Reference Model I (Fig. 2a) with strong crust (fc = 30) and normal mantle potential temperature, Tp = 1300 °C, leads to narrow lithospheric breakup. The strong coupling between frictional-plastic upper crust and upper mantle lithosphere promotes narrow rupture of the whole lithosphere. The transition from the COB to normal oceanic crust is within a distance of <30 km, with predicted melt thickness (i.e. igneous crustal thickness) gradually increasing from 0 to ~5.5 km, in the range of normal global oceanic crust thicknesses3,4. Model II shows highly contrasting behaviour, with very weak crust (fc = 0.02) allowing for decoupling of upper crust and mantle lithosphere leading to highly depth-dependent extension, leaving the extended crust in contact with upwelling sub-lithospheric mantle (Fig. 2b, c). Depth-dependent thinning results in distinctly different magmatic productivity, with mantle lithospheric rupture beneath the extending crust allowing for syn-rift decompression melting (Fig. 2b) of the upwelling sub-lithospheric mantle and voluminous magma production accreted to the distal margin (Fig. 2c), with peak melt thickness (~18 km) more than three times thicker as compared to narrow rift Model I (Fig. 2a). The large amount of melt accretion to the distal margin is explained by preferential removal of the mantle lithosphere during depth-dependent extension. Corner flow mantle upwelling following mantle lithosphere rupture is controlled by the far field rate of divergence. As distributed extension in the crust above occurs over a much larger horizontal length scale, the horizontal velocity at which the crust moves is significantly lower compared to the rate of mantle upwelling below and the crust therefore collects more melt as it stays longer above the area of mantle melting. Igneous oceanic crust rapidly decreases to reference thickness of ~5.5 km following crustal breakup consistent with oceanic crustal thickness for normal mantle temperature. Narrow and wide rift models I and II demonstrate highly contrasting magmatic productivity as a function of margin width and consequently crustal strength. Models with systematic variation of crustal strength intermediate between end-member conditions for narrow and wide margin systems (fc = 30 and fc = 0.02) confirm progressive enhancement of magmatic accretion to the distal margin with increasing margin width (Fig. 3) and demonstrate a quasi-linear correlation between margin width and total magmatic volume (Fig. 4) (see Supplementary Fig. 3 for definition of melt volume and margin width). As asymmetry in both margin width and melt distribution may occur for certain conditions (Supplementary Fig. 3), we have calculated the total melt volume from both conjugate margins in order to minimize the influence of asymmetry. Increasing mantle potential temperature by 80 °C above the reference state leads to a similar quasi-linear correlation between total magmatic volume and margin width but with a larger slope (Fig. 4).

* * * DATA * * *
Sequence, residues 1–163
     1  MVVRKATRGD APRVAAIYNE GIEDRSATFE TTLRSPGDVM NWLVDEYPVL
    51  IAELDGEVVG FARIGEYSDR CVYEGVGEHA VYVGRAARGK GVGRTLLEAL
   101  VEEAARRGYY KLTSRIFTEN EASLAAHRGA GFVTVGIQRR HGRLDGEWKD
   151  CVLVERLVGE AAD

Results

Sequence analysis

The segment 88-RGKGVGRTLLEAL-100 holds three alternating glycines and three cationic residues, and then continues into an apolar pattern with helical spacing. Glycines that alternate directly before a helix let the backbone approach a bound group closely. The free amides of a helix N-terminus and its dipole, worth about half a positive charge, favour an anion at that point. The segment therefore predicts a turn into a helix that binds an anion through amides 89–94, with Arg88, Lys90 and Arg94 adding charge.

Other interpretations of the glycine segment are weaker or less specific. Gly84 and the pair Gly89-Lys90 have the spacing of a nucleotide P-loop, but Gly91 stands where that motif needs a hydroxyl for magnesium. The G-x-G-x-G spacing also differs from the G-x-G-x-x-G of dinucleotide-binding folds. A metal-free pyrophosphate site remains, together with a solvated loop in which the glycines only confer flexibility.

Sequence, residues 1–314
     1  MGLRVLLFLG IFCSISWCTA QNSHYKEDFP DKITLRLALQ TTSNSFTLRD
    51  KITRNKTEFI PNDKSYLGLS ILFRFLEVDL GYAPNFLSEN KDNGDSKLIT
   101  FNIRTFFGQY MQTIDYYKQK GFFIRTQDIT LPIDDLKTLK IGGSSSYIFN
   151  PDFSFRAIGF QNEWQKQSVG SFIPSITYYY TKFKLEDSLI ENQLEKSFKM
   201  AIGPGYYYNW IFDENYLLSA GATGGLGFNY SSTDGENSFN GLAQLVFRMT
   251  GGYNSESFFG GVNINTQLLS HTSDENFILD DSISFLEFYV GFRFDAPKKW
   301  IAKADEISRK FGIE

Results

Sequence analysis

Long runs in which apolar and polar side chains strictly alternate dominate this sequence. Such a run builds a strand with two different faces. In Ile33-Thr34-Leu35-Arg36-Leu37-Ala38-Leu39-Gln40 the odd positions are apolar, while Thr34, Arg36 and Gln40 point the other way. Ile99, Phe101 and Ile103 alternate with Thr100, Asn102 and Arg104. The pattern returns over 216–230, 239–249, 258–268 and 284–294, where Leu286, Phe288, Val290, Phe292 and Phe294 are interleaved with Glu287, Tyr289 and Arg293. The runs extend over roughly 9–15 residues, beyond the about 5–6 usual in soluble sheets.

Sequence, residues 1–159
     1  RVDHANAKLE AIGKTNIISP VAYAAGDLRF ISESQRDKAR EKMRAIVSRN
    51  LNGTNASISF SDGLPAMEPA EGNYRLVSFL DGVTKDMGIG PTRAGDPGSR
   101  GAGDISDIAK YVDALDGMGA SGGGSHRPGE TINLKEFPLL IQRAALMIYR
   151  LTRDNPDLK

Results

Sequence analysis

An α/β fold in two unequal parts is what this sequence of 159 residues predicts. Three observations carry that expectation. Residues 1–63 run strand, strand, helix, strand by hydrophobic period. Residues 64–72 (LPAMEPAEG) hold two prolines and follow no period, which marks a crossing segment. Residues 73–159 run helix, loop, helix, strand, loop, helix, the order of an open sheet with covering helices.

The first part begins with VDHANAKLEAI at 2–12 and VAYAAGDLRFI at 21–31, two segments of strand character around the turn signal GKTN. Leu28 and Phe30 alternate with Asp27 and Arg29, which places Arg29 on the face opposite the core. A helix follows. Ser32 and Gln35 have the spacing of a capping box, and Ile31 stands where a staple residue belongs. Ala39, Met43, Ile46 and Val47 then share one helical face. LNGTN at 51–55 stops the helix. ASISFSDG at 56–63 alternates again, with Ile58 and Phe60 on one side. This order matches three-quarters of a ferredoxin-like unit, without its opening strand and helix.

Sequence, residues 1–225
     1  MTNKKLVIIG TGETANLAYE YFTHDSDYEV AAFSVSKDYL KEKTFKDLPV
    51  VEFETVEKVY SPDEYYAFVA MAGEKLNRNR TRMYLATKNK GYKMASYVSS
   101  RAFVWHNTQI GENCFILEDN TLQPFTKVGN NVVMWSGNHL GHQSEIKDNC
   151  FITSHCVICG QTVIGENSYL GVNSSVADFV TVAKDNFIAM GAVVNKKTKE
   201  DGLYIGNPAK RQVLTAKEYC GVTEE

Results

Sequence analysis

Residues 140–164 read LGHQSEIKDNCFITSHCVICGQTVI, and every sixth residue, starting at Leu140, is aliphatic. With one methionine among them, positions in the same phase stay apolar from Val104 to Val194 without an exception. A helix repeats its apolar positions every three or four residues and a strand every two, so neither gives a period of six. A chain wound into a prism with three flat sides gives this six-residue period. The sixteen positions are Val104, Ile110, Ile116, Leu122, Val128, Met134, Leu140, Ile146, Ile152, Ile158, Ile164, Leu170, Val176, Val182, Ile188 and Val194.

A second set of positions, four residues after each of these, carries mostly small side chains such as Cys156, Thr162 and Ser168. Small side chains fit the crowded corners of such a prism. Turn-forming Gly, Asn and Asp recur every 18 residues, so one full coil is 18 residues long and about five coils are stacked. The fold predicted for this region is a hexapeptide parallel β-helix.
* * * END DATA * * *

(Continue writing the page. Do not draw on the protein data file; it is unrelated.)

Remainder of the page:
Fig. 2: Model evolution of contrasting rifting styles.

a Model I with strong crust (fc = 30). Bottom: composition overlain with contours of isotherms (black lines) in degree Celsius and incremental melt fraction (red lines). The thick red lines show melt windows with major decompression melting. Phase colours: upper crust, orange; lower crust, white; continental mantle lithosphere, green; asthenosphere, yellow; and oceanic lithosphere, pale yellow. Top: predicted magmatic thickness. t time since the onset of extension, Ma millions of years; Δx, extension at full velocity 1.5 cm/year. b, c Model II with weak crust (fc = 0.02). Note the earlier rupture of mantle lithosphere than crust and enhanced magmatic production in the distal margin. d Cross sections of wide Southern South Atlantic conjugate margins68. Colouring as in a. Also shown are magmatic underplate (red), extrusives (purple), oceanic crust (blue), syn- (dark grey) and post-rift (grey) sediments. COB continent-ocean boundary.